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Oakleaf hydrangea
Hydrangea quercifolia BhamBotGdn.jpg
Protection status

Secure (NatureServe)[1]
Logical classificationedit
Kingdom: Plantae
Clade: Tracheophytes
Clade: Angiosperms
Clade: Eudicots
Clade: Asterids
Order: Cornales
Family: Hydrangeaceae
Genus: Hydrangea
Species: H. quercifolia
Binomial name
Hydrangea quercifolia
Bartram 7282 hunt09jun.jpg
Hydrangea quercifolia, normally known as oakleaf hydrangea or oak-leaved hydrangea, is a types of blooming plant in the family Hydrangeaceae.[2] It is local toward the southeastern United States, in forest territories from North Carolina west to Tennessee, and south to Florida and Louisiana.[3] A deciduous bush with white garish blossom heads, it is developed as a nursery plant, with various cultivars accessible monetarily.

Its particular sobriquet consolidates the Latin words quercus (“oak”), and folium (“leaf”). Notwithstanding, it isn’t firmly connected with oak species (Quercus).

1 Description
1.1 Flowers
2 Distribution
3 Uses
3.1 Garden history
3.2 Cultivation
4 Symbolism
5 Gallery
6 References
7 External connections
Hydrangea quercifolia is a coarse-finished deciduous bush developing to 3-12 feet (0.91-3.66 m)[4] tall with an open crown. The plant sprouts shoots from underground stolons and regularly fills in states. Youthful stems are canvassed in a felt-like light earthy colored bark, and the bigger stems have alluring cinnamon-tan-orange bark that shreds and strips in dainty pieces.

The leaves are yellowish green to dim green on top and shimmering white under. They have three, five or seven pointed projections and are 4-12 in (10.2-30.5 cm) long and nearly as wide. They ambiguously look like bigger renditions of oak leaves, like Quercus species with lobed foliage. Plants in conceal have bigger leaves than those filled in sun. The leaves turn rich shades of red, bronze and purple in harvest time that persevere in winter going with the tenacious dried bloom heads.

Hydrangea quercifolia blossoms are borne in erect panicles 6-12 in (15.2-30.5 cm) tall and 3-5 in (7.6-12.7 cm) wide at branch tips. Blossoms age in shading from smooth white, maturing to pink and by harvest time and winter are a dry, papery corroded brown.

Not at all like bigleaf (Hydrangea macrophylla), bloom tone doesn’t differ with soil pH.

Hydrangea quercifolia and Hydrangea paniculata are the main hydrangeas with cone-formed blossom groups; all the others have their blossoms in ball-molded or level beat bunches, called umbels.[5]

Hydrangea quercifolia is local toward the south eastern United States (Alabama, Florida, Georgia (w.), Louisiana (e.), Mississippi, North Carolina, South Carolina, Tennessee), yet naturalized in different pieces of the US and broadly developed somewhere else.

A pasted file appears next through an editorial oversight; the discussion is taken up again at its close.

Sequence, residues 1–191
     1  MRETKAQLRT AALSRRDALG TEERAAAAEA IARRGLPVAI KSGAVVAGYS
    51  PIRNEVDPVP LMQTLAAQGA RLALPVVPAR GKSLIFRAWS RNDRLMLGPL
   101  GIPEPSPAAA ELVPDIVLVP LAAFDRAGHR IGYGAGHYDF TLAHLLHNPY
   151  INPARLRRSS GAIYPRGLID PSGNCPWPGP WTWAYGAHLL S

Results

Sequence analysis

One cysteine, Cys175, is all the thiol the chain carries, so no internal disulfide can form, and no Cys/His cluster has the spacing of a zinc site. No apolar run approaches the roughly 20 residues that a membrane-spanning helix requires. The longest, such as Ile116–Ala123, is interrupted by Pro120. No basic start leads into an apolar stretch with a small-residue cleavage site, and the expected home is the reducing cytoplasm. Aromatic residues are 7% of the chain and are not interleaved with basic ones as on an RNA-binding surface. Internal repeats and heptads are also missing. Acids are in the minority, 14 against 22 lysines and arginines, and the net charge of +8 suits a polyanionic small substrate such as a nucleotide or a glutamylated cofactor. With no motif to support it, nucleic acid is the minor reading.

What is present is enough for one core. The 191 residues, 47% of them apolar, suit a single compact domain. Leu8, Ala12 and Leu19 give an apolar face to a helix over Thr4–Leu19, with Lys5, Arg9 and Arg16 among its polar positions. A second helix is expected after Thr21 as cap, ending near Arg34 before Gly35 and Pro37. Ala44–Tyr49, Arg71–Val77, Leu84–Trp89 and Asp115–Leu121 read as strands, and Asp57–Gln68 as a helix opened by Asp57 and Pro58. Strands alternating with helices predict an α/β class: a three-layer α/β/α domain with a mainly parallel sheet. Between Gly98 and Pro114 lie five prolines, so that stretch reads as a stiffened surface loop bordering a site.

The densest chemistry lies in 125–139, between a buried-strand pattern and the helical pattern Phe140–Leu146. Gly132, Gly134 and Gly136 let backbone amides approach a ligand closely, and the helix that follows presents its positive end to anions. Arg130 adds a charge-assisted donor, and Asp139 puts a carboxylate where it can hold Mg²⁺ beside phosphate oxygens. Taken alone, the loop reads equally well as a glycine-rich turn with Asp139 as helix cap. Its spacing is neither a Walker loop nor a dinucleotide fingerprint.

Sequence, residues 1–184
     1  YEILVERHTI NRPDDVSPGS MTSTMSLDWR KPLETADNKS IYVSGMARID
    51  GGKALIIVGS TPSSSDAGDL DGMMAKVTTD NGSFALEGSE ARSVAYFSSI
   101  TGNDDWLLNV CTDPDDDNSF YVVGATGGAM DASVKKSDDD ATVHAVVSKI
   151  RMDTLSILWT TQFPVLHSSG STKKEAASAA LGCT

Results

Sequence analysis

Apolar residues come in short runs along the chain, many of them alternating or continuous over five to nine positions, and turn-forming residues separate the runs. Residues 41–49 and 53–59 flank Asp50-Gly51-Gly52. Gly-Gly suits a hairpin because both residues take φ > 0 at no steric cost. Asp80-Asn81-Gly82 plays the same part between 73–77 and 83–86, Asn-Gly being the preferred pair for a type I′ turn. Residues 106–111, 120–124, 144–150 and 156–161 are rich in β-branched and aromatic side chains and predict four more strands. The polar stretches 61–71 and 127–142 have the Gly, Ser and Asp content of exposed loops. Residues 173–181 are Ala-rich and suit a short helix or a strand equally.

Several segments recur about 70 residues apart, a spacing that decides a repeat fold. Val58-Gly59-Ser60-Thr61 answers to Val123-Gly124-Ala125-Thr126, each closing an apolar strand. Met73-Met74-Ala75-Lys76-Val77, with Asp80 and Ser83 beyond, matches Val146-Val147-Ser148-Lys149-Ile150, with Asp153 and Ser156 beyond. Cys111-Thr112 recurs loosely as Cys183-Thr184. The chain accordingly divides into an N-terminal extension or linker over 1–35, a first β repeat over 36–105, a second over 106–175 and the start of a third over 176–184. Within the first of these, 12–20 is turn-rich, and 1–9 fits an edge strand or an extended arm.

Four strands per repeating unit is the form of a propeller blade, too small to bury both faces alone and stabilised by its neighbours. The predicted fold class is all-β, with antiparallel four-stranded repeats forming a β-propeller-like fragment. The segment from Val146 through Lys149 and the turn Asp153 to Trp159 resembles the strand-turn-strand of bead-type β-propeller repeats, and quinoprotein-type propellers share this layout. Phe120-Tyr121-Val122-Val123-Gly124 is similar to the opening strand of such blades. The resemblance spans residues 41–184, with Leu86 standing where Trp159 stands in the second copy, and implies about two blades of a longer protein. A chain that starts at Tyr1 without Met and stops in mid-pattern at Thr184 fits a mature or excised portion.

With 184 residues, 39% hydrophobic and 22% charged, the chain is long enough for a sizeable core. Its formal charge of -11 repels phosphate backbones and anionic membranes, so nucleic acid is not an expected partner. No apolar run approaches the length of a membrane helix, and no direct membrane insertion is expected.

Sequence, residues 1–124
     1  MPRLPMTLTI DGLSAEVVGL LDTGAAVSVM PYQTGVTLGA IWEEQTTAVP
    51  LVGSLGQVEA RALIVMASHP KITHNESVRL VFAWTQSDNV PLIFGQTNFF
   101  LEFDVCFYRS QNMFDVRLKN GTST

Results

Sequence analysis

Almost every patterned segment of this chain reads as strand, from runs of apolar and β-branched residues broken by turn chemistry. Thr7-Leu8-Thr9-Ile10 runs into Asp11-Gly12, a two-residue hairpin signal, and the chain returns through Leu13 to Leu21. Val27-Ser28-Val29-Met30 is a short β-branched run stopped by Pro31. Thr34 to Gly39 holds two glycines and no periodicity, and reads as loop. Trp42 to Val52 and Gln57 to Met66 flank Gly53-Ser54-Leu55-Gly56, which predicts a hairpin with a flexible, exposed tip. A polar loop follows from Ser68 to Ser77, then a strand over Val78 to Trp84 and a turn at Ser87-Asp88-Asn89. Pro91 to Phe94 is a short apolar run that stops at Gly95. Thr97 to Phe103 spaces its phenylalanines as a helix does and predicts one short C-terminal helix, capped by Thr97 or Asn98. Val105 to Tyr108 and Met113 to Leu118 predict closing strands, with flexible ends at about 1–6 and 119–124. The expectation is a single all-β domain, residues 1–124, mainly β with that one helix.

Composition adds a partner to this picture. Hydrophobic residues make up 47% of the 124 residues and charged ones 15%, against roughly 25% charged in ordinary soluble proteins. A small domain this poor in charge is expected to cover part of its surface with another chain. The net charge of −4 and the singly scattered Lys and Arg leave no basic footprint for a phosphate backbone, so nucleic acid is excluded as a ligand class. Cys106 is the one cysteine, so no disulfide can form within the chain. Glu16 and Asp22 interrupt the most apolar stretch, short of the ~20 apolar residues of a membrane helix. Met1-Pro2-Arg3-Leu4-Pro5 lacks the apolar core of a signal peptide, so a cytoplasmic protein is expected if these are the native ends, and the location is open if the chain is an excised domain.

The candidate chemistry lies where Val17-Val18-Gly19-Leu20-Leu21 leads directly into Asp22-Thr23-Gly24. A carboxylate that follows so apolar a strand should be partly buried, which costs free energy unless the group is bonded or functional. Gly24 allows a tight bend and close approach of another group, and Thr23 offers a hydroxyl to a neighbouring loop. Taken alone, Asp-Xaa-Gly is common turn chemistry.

Hydrangea quercifolia4normanack.jpg
Garden history
Hydrangea quercifolia was noted by eighteenth century botanist William Bartram in his botanizing investigation from the Carolinas to the Florida beg in the 1770s.[6] It was delayed to enter British and American nurseries. In Britain it blossoms less lavishly and even has gained notoriety for being tender.[7]

Hydrangea quercifolia is developed as a fancy plant in nurseries and parks. However often considered to be a disengaged subject in gardens, it is at its best in a characteristic or arranged forest natural surroundings against the setting of bigger bushes and trees. It favors inclined toward practically full shade, with morning sun and evening conceal as ideal. It will endure dry spell, yet may not blossom. It lean towards marginally acidic soils with a pH of 5.0-6.5. In the UK the cultivars Snowflake=’Brido'[8] and Snow Queen=’Flemygea'[9] have acquired the Royal Horticultural Society’s Award of Garden Merit.[10]

Its toughness is USDA Zones 5-9, with ‘Snow Queen’ strong to Zone 5, while a few different cultivars may not be.[11] Propagation is through cutting or division; short segments of bunched stems with some root connected will make a little bush in a nursery line.

New or dry, the blooms of Hydrangea quercifolia are appealing as cut blossoms.

Hydrangea quercifolia was proclaimed the authority state wildflower of Alabama in 1999.[12]


White blooming species type

Pink blooming determination

‘Ruby Slippers’ cultivar


Earthy colored blossoms and shaded leaves in harvest time

Spring leaf shoots

^ “NatureServe Explorer”.
^ “Hydrangea quercifolia – Plant Finder”. Retrieved 2021-03-02.
^ “Lady Bird Johnson Wildflower Center – The University of Texas at Austin”. Retrieved 2021-03-02.
^ “Lady Bird Johnson Wildflower Center – The University of Texas at Austin”. Retrieved 2019-01-18.
^ “Floridata”.
^ Alice Coats, Garden Shrubs and Their Histories (1964) 1992, s.v. “Hydrangea”.
^ {{cite web | url = | title = RHS Plantfinder – Hydrangea quercifolia {{{1}}}
^ “RHS Plantfinder – Hydrangea quercifolia Snow Queen=’Flemygea'”. Retrieved 7 March 2018.
^ “AGM Plants – Ornamental” (PDF). Royal Horticultural Society. July 2017. p. 51. Retrieved 3 March 2018.
^ “Hydrangea quercifolia (Oak Leaf Hydrangea, Oakleaf Hydrangea) | North Carolina Extension Gardener Plant Toolbox”. Retrieved 2021-03-02.
^ State Botanical SymbolsBy Alan McPherson, p.3